A manor of Eltham is recorded in the Doomsday survey of 1086 as belongong to the half-brother of William the Conqueror, Odo, Bishop of Bayeux. The manor house was rebuilt by Anthony Bek, Bishop of Durham who acquired the estate in the late 13th century. It's at this point that Eltham's royal heritage begins as Bek presented the manor to the future king of England, Edward II in 1305. Over the next couple of centuries Eltham was one of the largest and most royaly frequented palaces in the country.
Eltham Palace London Private Guided Tours
You'll be hard pressed to find a building with such contasting styles as Eltham Palace. What was originally a medieval great hall was transformed with modernist features by eccentric millionaires Stephen and Virginia Courtauld in the 1930s.
The building sits within 19 acres of splendid award winning gardens, which are as quirky as the mansion itself. There's London's oldest working bridge and the beautiful Rock Garden with its series of pools and cascades running down to a moat.
Many alterations and improvements were made to the palace and the grounds by royalty during the medieval period. Richard II, Henry IV and Edward IV all contributed but it was during Edward's reign that the great hall that we see today was constructed. The King's last visit to Eltham was to attend a lavish Christmas feast for an astonishing 2,000 attendees.
The last monarch to invest significantly in Eltham was King Henry VIII who spent much of his childhood there. Works included a brick-built chapel and new royal lodgings. After this Henry showed preference to Hampton Court and Greenwich and by the time of King James I the manor was showing signs of disrepair. Further decline saw the estate being used as a farm for the next couple of centuries. The nineteenth century saw renewed interest in Eltham and some repairs were undertaken and further buildings constructed. The great hall, which had been used as a barn, was shored up and remarkably used as a tennis court as well as for its intended use as a venue for functions.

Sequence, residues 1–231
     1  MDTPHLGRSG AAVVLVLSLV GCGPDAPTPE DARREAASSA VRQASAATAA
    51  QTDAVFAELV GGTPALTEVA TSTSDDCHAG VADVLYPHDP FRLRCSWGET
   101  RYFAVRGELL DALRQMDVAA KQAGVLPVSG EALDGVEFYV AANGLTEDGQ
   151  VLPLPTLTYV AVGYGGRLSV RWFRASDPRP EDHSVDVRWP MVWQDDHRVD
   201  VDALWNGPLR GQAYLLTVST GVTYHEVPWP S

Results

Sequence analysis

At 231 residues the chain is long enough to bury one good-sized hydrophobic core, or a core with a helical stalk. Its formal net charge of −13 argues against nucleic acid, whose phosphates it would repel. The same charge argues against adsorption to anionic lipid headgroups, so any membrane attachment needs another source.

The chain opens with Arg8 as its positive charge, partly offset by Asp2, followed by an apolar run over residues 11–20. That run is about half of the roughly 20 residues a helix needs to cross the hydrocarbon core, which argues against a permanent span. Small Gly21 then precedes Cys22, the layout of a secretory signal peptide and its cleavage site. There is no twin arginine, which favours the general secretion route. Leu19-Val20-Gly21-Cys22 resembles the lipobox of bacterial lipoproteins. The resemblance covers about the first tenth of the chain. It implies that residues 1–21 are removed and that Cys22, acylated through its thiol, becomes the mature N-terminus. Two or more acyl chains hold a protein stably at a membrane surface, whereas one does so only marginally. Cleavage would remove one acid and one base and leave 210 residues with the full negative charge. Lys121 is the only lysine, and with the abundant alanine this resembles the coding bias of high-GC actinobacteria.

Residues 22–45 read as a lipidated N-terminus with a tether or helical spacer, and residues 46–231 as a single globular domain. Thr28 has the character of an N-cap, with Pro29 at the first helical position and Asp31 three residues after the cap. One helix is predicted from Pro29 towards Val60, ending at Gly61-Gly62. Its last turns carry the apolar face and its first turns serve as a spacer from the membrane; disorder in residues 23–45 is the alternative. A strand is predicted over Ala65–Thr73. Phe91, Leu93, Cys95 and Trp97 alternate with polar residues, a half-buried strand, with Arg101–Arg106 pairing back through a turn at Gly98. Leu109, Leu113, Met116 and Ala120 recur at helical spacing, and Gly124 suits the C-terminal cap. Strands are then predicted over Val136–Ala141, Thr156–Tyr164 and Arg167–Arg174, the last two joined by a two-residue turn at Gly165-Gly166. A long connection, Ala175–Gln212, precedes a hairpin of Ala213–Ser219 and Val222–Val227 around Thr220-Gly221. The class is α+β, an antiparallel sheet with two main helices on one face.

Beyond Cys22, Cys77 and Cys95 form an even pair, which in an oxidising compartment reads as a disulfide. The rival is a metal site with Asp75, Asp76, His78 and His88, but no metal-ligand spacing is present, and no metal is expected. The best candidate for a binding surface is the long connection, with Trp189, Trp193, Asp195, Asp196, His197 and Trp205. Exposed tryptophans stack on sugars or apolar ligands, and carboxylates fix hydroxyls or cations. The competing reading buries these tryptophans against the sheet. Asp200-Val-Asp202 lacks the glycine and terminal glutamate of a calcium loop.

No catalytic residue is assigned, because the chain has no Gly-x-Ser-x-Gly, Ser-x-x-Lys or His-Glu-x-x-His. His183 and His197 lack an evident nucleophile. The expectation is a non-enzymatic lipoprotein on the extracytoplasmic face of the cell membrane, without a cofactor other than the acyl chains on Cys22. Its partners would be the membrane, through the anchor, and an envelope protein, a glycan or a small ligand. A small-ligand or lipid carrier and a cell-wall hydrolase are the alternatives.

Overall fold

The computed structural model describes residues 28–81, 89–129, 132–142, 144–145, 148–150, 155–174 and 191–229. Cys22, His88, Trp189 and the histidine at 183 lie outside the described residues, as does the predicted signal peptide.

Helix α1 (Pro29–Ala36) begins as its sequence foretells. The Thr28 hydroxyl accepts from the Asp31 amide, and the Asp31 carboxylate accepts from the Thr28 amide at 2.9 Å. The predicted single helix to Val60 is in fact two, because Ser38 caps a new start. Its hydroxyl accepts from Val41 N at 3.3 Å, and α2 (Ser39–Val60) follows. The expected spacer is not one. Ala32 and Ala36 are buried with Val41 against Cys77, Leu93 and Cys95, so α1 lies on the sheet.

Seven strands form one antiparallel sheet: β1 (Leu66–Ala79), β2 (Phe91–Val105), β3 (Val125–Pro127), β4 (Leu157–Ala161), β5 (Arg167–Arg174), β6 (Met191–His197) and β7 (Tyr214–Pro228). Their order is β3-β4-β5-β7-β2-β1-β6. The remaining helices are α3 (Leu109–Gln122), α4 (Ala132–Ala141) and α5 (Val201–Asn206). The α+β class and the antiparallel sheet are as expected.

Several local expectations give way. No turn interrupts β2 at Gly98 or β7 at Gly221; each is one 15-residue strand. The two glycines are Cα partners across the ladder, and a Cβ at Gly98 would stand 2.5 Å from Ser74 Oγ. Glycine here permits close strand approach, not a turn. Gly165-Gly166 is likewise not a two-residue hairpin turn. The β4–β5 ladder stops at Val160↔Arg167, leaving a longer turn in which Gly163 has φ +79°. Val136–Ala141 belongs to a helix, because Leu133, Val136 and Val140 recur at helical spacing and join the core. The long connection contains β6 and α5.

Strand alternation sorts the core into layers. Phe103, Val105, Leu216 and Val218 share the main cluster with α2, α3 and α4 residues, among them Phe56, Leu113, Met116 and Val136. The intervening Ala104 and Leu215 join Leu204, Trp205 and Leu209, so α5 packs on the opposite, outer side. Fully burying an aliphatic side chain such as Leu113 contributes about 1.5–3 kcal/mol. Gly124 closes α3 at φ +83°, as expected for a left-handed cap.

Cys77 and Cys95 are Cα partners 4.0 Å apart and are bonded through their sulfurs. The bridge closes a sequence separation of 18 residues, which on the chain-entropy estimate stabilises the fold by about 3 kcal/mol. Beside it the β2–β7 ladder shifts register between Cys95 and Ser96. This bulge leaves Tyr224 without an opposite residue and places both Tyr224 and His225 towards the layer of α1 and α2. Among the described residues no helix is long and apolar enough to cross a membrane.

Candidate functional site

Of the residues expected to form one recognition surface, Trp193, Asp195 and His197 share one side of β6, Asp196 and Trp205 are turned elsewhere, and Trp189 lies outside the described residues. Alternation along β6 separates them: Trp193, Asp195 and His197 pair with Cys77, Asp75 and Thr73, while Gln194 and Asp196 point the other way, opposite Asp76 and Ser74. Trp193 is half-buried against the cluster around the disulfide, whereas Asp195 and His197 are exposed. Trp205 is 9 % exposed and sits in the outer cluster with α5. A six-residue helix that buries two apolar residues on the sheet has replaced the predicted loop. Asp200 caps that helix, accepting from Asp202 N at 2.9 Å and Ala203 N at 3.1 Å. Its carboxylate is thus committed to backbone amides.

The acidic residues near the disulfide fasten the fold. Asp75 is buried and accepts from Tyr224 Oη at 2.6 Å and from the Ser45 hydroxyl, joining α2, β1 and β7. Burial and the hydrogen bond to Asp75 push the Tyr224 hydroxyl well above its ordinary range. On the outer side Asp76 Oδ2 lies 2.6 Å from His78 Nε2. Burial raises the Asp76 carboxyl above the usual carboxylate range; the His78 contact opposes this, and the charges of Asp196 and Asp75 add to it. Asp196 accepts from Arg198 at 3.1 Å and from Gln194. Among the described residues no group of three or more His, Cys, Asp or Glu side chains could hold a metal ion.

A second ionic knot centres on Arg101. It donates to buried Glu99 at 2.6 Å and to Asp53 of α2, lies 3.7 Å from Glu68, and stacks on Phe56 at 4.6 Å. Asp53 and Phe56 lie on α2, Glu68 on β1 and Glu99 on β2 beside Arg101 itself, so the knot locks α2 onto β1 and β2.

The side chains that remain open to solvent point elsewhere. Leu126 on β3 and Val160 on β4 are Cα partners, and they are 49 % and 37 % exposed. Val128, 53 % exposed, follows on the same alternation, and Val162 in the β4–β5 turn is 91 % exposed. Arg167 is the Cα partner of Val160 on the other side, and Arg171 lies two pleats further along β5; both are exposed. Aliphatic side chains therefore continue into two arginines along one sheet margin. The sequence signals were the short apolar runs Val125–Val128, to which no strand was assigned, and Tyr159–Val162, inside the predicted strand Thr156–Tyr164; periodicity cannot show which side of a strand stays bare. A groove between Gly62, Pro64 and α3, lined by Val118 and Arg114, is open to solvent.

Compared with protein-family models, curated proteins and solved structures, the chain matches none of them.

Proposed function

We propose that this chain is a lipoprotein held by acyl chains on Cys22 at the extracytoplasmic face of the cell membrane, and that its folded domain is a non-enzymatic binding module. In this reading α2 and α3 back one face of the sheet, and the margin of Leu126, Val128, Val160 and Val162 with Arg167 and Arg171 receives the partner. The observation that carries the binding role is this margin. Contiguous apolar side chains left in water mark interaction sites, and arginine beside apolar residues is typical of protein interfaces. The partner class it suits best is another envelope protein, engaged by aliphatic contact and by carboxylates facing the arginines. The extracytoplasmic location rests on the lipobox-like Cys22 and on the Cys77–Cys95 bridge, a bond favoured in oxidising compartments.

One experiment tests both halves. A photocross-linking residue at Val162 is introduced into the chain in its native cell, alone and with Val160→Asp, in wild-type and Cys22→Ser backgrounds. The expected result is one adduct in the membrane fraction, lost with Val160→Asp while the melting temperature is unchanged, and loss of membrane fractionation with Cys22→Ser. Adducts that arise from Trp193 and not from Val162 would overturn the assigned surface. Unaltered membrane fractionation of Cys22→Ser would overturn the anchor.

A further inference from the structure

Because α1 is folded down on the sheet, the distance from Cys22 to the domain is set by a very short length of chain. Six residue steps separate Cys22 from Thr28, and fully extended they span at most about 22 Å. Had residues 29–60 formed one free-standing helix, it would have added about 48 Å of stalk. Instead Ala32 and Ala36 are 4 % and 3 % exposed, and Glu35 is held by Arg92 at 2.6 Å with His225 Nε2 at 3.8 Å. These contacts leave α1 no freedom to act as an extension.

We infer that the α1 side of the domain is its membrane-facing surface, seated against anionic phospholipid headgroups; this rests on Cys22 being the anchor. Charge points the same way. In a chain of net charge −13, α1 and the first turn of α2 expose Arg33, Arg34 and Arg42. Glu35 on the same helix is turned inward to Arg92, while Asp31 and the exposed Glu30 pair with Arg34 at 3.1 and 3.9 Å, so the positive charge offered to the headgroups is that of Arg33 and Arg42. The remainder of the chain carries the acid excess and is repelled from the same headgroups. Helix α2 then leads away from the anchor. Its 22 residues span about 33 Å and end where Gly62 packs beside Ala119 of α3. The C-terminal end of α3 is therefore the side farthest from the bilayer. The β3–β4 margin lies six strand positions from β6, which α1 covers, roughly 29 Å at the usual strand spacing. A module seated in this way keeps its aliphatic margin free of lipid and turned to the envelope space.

And so begins the story of the Courtaulds and Palace. Stephen Courtauld was an heir to a textile fortune. He married Virginia in 1925 and in the early part of the 1930s they had started to look for a semi-rural retreat away from London.
Art Deco architecture
After purchasing Eltham in 1933 the couple employed architects Seely & Paget to build a modern home on the site of the 19th century buildings. Sir Charles Peers, formerly Chief Inspector of Ancient Monuments with the Office of Works, became involved to ensure as little impact on the historic palace as possible. The art deco style of the day was heavily drawn upon giving the property a modern edge.
Features of the new house were designed to compliment the great hall and interior decoration became a mix of historical and modern, ideas drawn from both the architects and the Courtaulds. Fashionable interior designers of the day were employed including Peter Malacrida and the Swede, Rolf Engströmer. The latest mod cons were installed including a loudspeaker system, a centralised vacuum cleaner and underfloor gas-powered heating.
The family moved out in 1944 as a response to bombing in World War II and the remainder of the lease was passed to the Army Educational Corps. The Ministry of Works then assumed maintenance of the palace with an emphasis on the preservation of the medieval elements over the 1930s additions. English Heritage are now responsible for Eltham Palace.